Cecil Fielding on Captain Goldsmith at Gadshill, A Hand-book of Higham: Or the Curiosities of a Country Parish (1882: 7)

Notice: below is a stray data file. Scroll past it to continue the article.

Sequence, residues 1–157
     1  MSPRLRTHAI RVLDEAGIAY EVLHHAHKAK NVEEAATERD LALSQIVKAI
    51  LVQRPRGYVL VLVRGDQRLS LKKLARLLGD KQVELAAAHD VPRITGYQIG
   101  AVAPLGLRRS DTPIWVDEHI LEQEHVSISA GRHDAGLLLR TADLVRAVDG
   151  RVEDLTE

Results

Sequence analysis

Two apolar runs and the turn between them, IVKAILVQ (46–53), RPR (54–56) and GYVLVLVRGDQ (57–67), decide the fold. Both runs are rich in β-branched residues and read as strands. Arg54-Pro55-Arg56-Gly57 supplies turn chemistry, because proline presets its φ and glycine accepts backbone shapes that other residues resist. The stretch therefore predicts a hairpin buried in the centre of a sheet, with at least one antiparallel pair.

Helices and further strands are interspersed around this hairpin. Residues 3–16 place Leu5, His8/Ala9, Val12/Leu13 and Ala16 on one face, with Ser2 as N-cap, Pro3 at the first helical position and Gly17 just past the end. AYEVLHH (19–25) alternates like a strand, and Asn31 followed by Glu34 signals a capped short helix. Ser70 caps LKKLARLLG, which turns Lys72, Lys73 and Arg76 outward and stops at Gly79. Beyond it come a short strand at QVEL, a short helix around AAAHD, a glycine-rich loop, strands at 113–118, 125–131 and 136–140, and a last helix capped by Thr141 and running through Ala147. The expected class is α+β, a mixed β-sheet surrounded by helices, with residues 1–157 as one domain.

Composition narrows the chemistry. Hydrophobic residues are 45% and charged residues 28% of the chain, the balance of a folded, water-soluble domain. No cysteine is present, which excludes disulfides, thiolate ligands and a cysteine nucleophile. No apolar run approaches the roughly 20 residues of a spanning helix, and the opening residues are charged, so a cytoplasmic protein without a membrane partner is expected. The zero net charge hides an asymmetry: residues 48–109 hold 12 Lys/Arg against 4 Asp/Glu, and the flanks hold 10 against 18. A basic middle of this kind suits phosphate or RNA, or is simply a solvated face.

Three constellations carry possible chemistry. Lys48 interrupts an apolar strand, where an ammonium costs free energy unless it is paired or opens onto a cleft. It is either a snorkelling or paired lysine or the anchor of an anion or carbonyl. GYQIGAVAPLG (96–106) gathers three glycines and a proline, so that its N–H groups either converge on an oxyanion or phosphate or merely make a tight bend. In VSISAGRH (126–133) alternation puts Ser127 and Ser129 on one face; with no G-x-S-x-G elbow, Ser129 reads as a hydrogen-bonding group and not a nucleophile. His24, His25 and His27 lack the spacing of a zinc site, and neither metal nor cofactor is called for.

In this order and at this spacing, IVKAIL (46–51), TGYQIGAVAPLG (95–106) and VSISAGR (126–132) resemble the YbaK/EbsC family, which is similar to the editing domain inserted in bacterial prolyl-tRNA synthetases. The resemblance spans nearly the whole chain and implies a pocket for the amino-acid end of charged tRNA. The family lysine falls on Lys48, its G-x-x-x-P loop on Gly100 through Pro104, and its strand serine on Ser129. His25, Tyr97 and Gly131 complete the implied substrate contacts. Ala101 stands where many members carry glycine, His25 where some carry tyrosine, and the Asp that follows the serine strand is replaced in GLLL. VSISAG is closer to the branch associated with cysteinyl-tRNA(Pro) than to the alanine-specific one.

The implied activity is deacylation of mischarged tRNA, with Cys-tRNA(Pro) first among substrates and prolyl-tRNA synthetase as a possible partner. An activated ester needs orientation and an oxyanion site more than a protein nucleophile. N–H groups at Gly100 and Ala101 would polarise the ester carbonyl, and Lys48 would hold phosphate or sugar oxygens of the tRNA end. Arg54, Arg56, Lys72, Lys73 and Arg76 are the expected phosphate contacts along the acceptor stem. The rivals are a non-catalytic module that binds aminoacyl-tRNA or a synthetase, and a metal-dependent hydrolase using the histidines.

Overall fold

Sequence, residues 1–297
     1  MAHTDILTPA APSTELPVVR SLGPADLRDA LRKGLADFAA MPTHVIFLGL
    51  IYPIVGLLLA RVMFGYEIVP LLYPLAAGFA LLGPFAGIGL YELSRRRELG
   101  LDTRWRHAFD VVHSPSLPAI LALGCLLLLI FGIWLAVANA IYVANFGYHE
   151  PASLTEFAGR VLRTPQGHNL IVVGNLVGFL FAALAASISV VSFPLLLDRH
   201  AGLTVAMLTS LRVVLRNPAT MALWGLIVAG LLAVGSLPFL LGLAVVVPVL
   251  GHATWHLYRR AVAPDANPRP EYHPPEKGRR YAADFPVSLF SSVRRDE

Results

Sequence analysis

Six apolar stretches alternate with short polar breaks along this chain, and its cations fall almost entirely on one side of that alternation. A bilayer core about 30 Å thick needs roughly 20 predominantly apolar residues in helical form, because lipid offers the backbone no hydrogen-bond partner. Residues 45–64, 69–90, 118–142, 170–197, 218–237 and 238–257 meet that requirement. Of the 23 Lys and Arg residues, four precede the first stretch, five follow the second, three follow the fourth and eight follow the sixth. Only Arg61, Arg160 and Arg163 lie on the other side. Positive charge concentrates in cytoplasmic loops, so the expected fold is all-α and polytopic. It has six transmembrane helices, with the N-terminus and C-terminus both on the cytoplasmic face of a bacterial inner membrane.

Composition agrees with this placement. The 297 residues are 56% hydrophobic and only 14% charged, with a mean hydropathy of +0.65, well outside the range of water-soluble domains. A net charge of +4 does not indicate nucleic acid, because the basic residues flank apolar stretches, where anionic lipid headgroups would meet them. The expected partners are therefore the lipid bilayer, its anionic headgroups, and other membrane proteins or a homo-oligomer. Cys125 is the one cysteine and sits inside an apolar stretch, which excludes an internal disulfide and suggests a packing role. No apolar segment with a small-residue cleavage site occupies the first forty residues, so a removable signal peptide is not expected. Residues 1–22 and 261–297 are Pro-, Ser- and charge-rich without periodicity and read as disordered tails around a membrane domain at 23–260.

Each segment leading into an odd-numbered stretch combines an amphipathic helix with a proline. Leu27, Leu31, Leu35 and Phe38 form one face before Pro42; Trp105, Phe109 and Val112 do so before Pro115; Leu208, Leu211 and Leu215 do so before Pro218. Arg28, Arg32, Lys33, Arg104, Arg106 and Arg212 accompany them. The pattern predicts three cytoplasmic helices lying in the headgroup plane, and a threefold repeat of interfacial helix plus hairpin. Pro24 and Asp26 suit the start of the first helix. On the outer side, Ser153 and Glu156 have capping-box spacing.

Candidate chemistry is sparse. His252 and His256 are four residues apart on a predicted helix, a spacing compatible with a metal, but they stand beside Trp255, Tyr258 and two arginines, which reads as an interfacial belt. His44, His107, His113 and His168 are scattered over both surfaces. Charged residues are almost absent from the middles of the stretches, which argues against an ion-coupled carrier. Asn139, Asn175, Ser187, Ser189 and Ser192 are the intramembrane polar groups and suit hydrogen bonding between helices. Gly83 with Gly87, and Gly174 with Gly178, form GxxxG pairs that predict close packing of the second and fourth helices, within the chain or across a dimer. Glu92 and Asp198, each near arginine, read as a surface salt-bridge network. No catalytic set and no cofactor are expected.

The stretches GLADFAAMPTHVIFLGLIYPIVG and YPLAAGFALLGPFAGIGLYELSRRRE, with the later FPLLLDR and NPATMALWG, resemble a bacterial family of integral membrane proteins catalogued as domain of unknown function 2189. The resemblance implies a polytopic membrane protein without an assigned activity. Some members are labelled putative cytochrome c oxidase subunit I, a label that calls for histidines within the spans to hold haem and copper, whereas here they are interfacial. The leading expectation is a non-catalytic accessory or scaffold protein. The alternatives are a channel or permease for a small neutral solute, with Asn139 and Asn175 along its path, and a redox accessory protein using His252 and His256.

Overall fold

The scene of most of the highway robberies is supposed by many to be that piece of the road where you descend the hill towards Gravesend, by the third milestone from Rochester. When one has reached the top of Gadshill we see on the right hand side a villa, which is faced with plaster; this is Gadshilll Cottage, said to have been the old hostelry. The cellars are curious as containing very thick walls, and some years ago a quantity of pipes and coins were found in them; from this it has been supposed that it was the highwayman’s house. The present inn keeps up the name of Sir John Falstaff, in which there is an old tea-tray with Falstaff painted on it, as he describes himself, “A good portly man i’ faith and corpulent, of a cheerful look, and a pleasing eye, and a most noble carriage.’ It is dated above and below 1410. Sir William Jenner, the Queen’s Physician, is stated, in the Rochester Journal, to have been born at the Falstaff Inn. Between these two places is a narrow gravel lane which leads up to the top of Telegraph Hill, as it is named, which is the highest point of Gadshill and Higham; turning into a carriage drive we find ourselves in the pretty grounds of Gadshill House, which commands a fine view of Cobham Woods, Borstal, the country round down the Medway, and a portion of the Hundred Hoo. This house was built by a Mr. Townsend, M. P. for Greenwich, some forty years ago, who was unseated for bribery; from him it passed to Captain Goldsmith, who was well known in Higham for his charitable disposition; and from him to his son, whose lessee is Mr. Dods, who has rented it for some years and bestowed much pains upon the gardens and grounds. Above the gateway of Gadshill House we reach the top of the hill, which commands a most ….